# Homework Help: Hamiltonian in terms of creation/annihilation operators

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1. Apr 12, 2017

### leo.

1. The problem statement, all variables and given/known data
Consider the free real scalar field $\phi(x)$ satisfying the Klein-Gordon equation, write the Hamiltonian in terms of the creation/annihilation operators.

2. Relevant equations
Possibly the definition of the free real scalar field in terms of creation/annihilation operators $$\phi(x)=\int \dfrac{d^3k}{(2\pi)^3} \dfrac{1}{\sqrt{2\omega_k}}(a(k) e^{-ik_\mu x^\mu}+a^\dagger(k)e^{ik_\mu x^\mu})$$ and also the commutation relations $$[a(k),a^\dagger(k')]=(2\pi)^3\delta(k-k') \quad [a(k),a(k')]=[a^\dagger(k),a^\dagger(k')]=0.$$

3. The attempt at a solution
First I've computed the Hamiltonian of the theory from the Lagrangian as
$$H=\int d^3x \left(\dfrac{1}{2}\pi^2+\dfrac{1}{2}(\nabla \phi)^2+\dfrac{1}{2}m^2\phi^2 \right)$$
with this we know that we need $\pi(x)=\partial_t \phi(x)$ and $\nabla \phi(x)$. I computed both of them from the definition of $\phi(x)$ and found
$$\pi(x)=-i\int \dfrac{d^3 k}{(2\pi)^3}\sqrt{\dfrac{\omega_k}{2}}(a(k)e^{-i k_\mu x^\mu} - a^\dagger(k)e^{i k_\mu x^\mu})$$
and
$$\nabla \phi(x)=i \int \dfrac{d^3k}{(2\pi)^3}\dfrac{1}{\sqrt{\omega_k}}\mathbf{k}(a(k)e^{-ik_\mu x^\mu}+a^\dagger(k)e^{ik_\mu x^\mu}).$$

Now I believe we just need to put everything into the formula and see what comes out, but it turns out this seems like a bad idea, as it didn't give much to work with. I found out (now I write $kx = k_\mu x^\mu$ for brevity)
$$H=\int d^3x \dfrac{1}{2} \int \dfrac{d^3 k d^3 k'}{(2\pi)^6}\left( \sqrt{\dfrac{\omega_k \omega_{k'}}{4}}(a(k)e^{-ikx}-a^\dagger(k) e^{ikx})(a(k')e^{-ik'x}-a^\dagger(k')e^{ik'x})+\dfrac{\mathbf{k}\cdot \mathbf{k}'}{\sqrt{4\omega_k \omega_{k'}}}(a(k)e^{-ikx}-a^\dagger(k) e^{ikx})(a(k')e^{-ik'x}-a^\dagger(k')e^{ik'x})+\dfrac{m^2}{\sqrt{4\omega_k \omega_{k'}}}(a(k)e^{-ikx}+a^\dagger(k) e^{ikx})(a(k')e^{-ik'x}+a^\dagger(k')e^{ik'x}) \right)$$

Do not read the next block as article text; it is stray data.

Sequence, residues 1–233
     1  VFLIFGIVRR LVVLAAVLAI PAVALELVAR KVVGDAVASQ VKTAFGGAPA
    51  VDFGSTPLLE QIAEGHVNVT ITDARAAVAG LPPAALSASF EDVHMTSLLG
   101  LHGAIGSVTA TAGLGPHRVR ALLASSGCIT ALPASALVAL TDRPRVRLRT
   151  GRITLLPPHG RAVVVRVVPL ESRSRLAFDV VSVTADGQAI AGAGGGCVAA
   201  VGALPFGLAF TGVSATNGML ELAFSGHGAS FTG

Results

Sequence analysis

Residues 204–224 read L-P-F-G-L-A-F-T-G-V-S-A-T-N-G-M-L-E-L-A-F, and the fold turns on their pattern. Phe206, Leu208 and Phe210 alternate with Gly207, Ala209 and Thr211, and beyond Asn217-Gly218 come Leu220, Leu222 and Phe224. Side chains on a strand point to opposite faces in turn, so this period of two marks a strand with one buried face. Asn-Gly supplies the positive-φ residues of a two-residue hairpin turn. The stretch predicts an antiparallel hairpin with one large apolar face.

after that I'm stuck. I know somehow I must use the commutation relations. I also know that the integral over $x$ and over $k'$ should disappear, leaving just one integral over $k$. But I don't have any idea how to do this.

2. Apr 13, 2017

### eys_physics

You have to multiply out the different terms. Then, use that
$\frac{1}{(2\pi)^3}\int d^3 x e^{i(k-k')x}=\delta^{(3)}(k-k')$

3. Apr 29, 2017

### leo.

Actually some time after I've posted the thread I found out a simple way to do it. It was just a matter of rewriting the fields in a more convenient way:

$$\phi(x)=\int \dfrac{d^3k}{(2\pi)^3} \dfrac{1}{2\omega_k}(a_k+a_{-k}^\dagger)e^{i\mathbf{k}\cdot \mathbf{x}}$$

where now the creation/annihilation operators carry the time dependency. Using this one can easily integrate over the exponentials to generate deltas and from the deltas perform one of the momentum integrations getting the result.

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